October 21, 2020
Has anyone ever told you to “fire your glutes” during a workout? Meanwhile, you are feeling the burn in your low back, quads, and pretty much everywhere besides your glutes. There is a term that some people use called “glute amnesia.” This refers to the inability to fire your gluteal muscles. If you are dealing with “glute amnesia,” don’t fret. We have the solution!
How can you fix this “glute amnesia?”
Let’s start with a simple exercise. Lie on your back with your knees bent and bridge up by lifting your hips up into the air while keeping your feet grounded. Ask yourself “where do I feel this?” If you feel this in your low back, it’s time to readjust. You should feel a bridge mostly in your glute muscles but also in your hamstrings (muscles in the back of the thigh). To help better fire your glutes, try two things:
1. Place your feet together and turn your feet outward. Now try to squeeze your glutes and then lift into the bridge. See picture below:
2. Tilt your pelvis backward, flattening your back against the floor or mat, then squeeze your glutes to lift into the bridge. This may take some practice, but over time, you should be able to feel this bridge in your glutes and hamstrings, NOT your low back. See picture below, notice how the spine is pressed into the ground.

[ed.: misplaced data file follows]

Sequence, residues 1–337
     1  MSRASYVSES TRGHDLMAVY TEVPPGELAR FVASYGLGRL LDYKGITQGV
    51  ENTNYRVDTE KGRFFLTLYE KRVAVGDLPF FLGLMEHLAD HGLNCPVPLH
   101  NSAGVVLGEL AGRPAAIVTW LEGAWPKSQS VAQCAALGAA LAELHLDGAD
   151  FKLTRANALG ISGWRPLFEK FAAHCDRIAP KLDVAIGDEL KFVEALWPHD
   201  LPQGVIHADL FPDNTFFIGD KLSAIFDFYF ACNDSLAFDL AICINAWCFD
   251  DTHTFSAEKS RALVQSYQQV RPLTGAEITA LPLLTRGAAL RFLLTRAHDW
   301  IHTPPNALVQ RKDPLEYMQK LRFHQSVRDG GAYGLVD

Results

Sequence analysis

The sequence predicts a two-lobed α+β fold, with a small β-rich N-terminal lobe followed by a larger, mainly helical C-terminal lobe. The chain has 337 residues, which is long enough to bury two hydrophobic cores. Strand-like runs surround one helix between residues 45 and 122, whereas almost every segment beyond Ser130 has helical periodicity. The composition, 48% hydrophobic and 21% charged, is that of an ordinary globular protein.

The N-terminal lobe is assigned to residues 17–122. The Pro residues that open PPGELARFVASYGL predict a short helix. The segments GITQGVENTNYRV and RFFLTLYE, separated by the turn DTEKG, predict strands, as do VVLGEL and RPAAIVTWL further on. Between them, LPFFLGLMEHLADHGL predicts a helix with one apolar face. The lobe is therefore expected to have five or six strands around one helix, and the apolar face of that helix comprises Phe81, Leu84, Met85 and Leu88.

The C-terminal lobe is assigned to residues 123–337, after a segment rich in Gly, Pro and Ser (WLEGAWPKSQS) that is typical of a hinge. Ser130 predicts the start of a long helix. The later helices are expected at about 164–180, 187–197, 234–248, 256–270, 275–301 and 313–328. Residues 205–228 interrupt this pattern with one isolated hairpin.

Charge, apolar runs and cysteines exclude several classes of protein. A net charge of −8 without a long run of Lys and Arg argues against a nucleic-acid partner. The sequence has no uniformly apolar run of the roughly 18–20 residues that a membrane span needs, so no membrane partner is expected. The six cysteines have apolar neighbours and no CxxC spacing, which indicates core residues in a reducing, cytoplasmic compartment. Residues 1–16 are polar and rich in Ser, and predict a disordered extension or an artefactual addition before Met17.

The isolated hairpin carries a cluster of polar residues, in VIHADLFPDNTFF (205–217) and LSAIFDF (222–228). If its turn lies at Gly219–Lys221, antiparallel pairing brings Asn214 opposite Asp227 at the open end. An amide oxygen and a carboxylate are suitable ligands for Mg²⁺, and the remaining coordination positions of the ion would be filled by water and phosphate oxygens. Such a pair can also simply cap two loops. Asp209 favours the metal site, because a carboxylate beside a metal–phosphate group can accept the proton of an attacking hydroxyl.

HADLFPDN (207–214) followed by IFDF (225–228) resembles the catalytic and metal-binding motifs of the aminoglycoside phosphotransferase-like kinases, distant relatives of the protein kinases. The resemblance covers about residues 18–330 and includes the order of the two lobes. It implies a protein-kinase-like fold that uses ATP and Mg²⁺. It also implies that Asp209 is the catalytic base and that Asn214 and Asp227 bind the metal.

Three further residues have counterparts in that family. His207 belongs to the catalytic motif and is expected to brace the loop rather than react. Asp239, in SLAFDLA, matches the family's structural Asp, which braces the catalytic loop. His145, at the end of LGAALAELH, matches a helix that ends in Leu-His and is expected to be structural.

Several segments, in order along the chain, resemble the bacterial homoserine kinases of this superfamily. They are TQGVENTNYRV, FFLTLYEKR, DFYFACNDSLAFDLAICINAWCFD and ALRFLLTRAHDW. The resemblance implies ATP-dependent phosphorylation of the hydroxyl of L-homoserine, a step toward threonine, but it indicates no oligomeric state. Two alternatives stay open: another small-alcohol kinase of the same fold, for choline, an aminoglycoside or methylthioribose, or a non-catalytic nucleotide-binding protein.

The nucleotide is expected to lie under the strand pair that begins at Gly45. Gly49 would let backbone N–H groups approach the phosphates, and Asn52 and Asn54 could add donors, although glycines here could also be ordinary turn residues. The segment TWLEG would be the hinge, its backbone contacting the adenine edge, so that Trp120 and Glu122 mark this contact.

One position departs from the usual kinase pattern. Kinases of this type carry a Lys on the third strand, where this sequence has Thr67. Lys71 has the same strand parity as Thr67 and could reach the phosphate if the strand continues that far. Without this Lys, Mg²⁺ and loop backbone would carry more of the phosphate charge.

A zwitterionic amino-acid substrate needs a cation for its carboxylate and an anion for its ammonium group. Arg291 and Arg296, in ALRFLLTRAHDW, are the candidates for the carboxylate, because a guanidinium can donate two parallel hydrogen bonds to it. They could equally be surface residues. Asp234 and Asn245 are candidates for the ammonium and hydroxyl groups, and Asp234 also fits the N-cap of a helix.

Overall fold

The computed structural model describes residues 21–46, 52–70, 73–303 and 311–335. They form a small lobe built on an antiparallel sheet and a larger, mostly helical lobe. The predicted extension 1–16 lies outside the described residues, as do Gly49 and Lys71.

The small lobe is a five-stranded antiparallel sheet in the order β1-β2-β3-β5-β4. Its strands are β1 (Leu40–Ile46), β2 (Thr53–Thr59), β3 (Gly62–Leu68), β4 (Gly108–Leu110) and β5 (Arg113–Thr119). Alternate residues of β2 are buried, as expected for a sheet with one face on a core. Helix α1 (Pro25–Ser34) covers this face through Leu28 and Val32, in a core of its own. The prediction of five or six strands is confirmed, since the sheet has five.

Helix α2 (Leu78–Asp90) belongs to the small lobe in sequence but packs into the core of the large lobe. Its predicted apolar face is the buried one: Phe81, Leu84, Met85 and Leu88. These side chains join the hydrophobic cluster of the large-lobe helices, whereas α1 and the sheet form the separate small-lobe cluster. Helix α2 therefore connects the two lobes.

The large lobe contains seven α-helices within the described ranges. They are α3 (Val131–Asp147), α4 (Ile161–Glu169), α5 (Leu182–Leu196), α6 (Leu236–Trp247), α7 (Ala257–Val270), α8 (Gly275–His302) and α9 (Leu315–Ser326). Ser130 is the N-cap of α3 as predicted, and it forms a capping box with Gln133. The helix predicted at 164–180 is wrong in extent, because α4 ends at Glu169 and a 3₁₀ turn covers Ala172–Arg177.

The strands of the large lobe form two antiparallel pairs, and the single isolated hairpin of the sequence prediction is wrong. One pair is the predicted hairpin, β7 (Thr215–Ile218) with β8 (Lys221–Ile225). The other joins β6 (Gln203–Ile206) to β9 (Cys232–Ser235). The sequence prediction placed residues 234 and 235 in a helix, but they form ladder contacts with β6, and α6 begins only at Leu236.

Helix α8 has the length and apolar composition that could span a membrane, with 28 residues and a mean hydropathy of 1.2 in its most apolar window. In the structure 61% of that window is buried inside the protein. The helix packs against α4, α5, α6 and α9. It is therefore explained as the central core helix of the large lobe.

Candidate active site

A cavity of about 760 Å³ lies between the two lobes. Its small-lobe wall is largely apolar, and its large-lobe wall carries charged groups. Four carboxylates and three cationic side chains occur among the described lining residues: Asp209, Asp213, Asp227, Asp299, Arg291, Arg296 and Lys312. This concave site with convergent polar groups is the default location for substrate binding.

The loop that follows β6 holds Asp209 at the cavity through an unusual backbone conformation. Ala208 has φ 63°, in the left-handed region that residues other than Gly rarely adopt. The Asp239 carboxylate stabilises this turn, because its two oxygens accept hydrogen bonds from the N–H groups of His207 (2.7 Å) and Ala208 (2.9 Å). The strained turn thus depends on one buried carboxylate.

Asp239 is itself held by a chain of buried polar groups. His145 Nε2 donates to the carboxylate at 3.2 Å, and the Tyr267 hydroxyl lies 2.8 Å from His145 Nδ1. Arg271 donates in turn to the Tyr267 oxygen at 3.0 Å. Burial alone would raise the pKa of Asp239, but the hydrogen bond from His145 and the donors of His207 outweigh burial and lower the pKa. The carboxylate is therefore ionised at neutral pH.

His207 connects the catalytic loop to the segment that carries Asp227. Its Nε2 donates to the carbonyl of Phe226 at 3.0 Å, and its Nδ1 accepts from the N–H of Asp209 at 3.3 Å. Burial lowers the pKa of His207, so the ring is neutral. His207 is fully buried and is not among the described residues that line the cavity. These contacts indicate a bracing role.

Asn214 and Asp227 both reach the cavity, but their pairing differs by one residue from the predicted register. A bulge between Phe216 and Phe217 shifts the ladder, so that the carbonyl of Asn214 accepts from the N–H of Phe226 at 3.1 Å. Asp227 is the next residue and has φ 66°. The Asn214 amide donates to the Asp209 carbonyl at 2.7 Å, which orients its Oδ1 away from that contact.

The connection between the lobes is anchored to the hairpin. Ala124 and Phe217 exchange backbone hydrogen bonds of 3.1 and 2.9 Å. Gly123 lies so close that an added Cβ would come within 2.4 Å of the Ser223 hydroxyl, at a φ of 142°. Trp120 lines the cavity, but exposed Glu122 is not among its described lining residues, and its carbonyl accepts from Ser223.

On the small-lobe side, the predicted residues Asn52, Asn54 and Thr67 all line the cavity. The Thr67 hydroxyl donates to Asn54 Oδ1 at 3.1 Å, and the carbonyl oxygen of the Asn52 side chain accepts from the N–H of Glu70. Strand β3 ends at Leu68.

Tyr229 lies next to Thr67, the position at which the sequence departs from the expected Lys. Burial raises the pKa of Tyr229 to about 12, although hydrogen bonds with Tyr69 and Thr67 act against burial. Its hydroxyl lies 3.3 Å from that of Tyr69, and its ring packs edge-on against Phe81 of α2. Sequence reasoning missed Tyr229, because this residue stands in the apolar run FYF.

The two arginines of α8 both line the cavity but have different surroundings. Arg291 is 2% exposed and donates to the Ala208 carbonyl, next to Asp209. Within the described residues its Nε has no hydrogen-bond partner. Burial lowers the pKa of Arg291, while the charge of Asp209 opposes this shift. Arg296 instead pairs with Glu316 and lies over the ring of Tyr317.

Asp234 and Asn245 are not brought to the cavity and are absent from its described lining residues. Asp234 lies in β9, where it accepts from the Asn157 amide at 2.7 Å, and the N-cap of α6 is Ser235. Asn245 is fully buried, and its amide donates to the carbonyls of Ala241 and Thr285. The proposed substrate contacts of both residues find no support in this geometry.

One particular exercise that provides for excellent activation of the gluteus maximus is the barbell hip thrust (BHT). In a recent systematic review (1), the barbell hip thrust showed greater activation of the gluteus maximus and biceps femoris (your lateral hamstring) as compared to squatting. Another interesting finding is that regardless of BHT variation, the muscle sequence starts with your gluteus maximus, the muscle we are trying to fire up! The subsequent muscles to fire are the erector spinae (back muscles), hamstrings, and lastly the quads.
So what is a barbell hip thrust? You can see the picture below.
If you are having trouble with feeling this more in your back muscles as compared to your glutes, try a variation called the American Hip Thrust. This variation starts with a posterior pelvic tilt (flattening your back) and then lifting into the bridge.
Proper bridging takes practice. When performed correctly, variations of bridging can be used for muscle activation as you prepare to work out, for muscle re-education when recovering from injury or disuse, as well as the strengthening of the particular muscle groups as listed above.
Move past the “glute amnesia” and teach your body how to properly utilize your glute muscles. You just might notice that you can start to move with less pain and with improved efficiency.
Here’s to going from “glute amnesia” to buns of steel!
1. Neto WK, Vieira TL, Gama EF. Barbell Hip Thrust, Muscular Activation and Performance: A Systematic Review. J Sports Sci Med. 2019;18(2):198-206. Published 2019 Jun 1.